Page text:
Nitric oxide (NO) chemisorption is a sensitive chemical probe of the electronic structure and reactivity of metal surfaces. We have used NO, in conjunction with temperature programmed desorption and high resolution electron energy loss spectroscopy, to explore the altered reactivity of ultrathin (monolayer, bilayer, trilayer) Pd films deposited on Ta(110). The reactivity of the Pd-monolayer film is strongly altered from that of bulk-terminated Pd surfaces. NO is molecularly adsorbed on the Pd monolayer at 95 K, but the desorption activation energy is decreased to only 8 kcal/ mol, and N2O is the primary desorption product. At low initial NO coverages, N2O desorbs in a reaction rate-limited peak at 129 K, which grows and shifts up in temperature, with increasing coverage, to 159 K at saturation. NO desorption occurs at 135 K, in addition to N2O, at high coverages. Separate N2O adsorption experiments show that N2O is weakly and reversibly bound to the Pd monolayer film, desorbing by 115 K. NO chemisorption and reaction was independent of the initial geometric structure of the Pd monolayer, i.e., nearly identical results were obtained when using a pseudomorphic-bcc(110) or incommensurate-fcc(111) Pd monolayer. However, the chemical properties and reactivity of the Pd films rapidly returned to that of bulk Pd(111) surfaces as the Pd film thickness was increased above one monolayer. "Tuning" of NO chemistry on these Pd films was possible for initial thicknesses of 2-3 layers. The interaction of NO with a Pd monolayer on Ta(110) closely resembles that of NO with a Ag(111) surface, supporting the interpretation that Pd-Ta bonding interactions lead to a filled Pd d-band resulting in more noble metal-like properties.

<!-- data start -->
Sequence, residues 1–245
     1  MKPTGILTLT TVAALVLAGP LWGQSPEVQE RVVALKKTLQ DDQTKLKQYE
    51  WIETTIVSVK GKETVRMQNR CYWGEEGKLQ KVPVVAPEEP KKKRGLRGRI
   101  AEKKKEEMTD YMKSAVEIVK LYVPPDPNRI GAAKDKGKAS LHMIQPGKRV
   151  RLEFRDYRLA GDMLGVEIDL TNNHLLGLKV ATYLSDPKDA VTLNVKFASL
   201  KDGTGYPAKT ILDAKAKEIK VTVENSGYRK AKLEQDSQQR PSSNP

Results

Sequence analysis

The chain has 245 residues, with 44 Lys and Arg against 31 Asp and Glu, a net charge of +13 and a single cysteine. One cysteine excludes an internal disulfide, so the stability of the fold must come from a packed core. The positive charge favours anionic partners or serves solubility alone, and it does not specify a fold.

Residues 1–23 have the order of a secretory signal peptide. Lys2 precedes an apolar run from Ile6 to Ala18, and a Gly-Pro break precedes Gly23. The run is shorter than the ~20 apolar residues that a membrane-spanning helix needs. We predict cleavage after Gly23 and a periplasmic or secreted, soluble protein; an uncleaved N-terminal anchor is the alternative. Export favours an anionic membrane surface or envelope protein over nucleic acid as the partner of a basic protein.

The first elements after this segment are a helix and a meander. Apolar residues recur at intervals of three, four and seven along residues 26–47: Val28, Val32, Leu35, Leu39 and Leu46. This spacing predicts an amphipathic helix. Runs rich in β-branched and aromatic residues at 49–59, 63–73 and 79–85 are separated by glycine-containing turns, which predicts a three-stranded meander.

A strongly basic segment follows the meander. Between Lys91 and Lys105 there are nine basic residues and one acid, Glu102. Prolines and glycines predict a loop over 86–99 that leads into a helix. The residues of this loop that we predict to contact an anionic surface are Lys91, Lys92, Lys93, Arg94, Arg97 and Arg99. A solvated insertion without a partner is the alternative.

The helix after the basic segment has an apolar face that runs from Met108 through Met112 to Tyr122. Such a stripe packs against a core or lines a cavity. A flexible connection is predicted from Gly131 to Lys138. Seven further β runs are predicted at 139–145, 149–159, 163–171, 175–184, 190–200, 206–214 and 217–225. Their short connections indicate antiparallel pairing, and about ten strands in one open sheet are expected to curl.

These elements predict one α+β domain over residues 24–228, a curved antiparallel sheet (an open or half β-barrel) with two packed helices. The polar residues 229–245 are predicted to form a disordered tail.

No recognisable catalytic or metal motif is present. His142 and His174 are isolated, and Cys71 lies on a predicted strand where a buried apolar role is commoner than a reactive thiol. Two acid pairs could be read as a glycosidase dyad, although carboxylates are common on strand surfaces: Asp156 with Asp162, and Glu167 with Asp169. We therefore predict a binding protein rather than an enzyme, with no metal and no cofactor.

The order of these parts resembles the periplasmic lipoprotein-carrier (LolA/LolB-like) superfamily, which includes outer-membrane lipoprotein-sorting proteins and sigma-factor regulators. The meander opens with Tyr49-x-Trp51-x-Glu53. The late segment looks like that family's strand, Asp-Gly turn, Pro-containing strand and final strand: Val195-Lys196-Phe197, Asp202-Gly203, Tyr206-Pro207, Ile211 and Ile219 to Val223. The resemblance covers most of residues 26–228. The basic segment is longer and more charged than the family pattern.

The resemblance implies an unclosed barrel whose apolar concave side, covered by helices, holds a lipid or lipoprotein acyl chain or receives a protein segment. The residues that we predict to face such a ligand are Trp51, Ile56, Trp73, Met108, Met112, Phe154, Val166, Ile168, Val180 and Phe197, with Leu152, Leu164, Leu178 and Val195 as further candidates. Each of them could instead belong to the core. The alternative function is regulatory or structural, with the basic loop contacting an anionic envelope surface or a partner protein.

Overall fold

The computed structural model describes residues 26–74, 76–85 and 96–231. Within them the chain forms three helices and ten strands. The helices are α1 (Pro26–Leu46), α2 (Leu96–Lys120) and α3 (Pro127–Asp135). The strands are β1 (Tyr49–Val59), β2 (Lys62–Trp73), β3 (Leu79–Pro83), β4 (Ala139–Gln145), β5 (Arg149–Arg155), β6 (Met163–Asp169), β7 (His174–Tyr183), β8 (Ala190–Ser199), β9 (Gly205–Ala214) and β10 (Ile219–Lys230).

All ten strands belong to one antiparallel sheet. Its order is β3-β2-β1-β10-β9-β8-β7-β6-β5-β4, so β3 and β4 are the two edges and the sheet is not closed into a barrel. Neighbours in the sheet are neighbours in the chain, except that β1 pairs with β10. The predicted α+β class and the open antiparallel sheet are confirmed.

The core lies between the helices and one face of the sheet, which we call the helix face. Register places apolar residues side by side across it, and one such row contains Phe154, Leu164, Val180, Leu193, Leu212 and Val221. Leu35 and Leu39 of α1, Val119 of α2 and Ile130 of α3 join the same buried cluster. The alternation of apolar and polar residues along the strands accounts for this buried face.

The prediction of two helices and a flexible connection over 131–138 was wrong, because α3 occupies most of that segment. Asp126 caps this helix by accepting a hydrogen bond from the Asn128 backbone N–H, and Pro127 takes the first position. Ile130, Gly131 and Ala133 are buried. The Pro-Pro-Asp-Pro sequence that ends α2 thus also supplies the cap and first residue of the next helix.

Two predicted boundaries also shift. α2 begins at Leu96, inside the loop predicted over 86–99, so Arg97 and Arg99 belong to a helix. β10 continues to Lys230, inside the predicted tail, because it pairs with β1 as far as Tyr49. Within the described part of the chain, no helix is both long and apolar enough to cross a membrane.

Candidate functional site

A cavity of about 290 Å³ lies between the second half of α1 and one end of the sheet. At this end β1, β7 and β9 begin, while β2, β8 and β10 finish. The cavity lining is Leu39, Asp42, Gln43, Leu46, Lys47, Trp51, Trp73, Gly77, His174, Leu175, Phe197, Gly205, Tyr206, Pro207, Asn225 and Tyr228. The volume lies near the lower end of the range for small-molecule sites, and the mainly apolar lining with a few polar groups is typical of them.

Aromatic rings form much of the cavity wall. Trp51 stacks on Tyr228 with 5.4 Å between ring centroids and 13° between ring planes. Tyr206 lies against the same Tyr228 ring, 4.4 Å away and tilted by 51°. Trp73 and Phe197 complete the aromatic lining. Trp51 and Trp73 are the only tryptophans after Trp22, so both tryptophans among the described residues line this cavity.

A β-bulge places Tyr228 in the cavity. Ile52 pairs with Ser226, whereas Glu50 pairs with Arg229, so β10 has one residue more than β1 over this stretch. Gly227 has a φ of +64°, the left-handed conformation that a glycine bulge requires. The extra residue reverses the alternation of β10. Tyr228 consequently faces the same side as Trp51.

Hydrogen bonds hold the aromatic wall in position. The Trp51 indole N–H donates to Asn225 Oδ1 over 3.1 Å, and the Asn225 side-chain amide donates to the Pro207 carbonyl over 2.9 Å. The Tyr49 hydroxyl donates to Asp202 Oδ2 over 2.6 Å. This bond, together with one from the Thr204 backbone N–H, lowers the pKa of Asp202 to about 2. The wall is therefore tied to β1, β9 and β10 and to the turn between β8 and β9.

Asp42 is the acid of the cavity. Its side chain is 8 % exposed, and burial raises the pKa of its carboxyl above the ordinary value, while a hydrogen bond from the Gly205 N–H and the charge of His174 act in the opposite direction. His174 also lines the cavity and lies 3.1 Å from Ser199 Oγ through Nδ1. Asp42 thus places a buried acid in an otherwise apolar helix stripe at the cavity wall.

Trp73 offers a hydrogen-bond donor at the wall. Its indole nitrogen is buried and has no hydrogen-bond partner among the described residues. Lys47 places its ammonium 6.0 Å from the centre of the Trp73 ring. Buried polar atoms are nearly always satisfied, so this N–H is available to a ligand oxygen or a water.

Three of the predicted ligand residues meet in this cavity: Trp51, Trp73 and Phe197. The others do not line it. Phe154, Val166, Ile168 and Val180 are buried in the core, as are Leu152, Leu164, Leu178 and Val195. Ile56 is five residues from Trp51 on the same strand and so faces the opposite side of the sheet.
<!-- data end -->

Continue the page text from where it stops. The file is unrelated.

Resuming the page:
All Science Journal Classification (ASJC) codes
- Condensed Matter Physics
- Surfaces and Interfaces
- Surfaces, Coatings and Films
- Materials Chemistry